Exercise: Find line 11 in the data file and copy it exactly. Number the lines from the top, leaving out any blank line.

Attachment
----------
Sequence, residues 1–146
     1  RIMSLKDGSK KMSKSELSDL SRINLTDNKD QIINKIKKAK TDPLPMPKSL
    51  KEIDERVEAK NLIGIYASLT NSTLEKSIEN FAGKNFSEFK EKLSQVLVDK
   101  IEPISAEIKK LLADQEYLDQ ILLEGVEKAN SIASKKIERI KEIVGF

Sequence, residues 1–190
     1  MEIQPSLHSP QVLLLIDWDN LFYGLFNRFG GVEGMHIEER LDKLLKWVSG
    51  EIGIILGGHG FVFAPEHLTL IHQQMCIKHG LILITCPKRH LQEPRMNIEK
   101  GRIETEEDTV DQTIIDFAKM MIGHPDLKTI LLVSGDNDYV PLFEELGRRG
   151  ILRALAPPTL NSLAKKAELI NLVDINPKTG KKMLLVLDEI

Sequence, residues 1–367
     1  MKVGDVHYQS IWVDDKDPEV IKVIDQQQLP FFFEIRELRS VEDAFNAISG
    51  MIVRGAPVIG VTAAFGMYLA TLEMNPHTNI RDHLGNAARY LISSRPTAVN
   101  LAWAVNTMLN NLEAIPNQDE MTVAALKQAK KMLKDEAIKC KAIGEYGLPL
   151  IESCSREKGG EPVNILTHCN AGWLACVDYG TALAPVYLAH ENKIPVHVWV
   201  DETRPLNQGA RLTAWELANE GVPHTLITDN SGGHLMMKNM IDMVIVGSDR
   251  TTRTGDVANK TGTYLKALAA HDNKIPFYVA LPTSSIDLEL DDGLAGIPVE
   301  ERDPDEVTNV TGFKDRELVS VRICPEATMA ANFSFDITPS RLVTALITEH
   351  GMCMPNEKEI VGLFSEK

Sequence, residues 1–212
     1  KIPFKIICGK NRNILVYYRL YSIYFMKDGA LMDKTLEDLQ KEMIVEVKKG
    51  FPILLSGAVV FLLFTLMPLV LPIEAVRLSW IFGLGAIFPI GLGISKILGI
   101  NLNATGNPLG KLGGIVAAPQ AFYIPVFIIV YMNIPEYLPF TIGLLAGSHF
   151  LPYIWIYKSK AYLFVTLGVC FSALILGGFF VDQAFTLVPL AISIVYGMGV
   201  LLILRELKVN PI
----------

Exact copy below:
     1  MKVGDVHYQS IWVDDKDPEV IKVIDQQQLP FFFEIRELRS VEDAFNAISG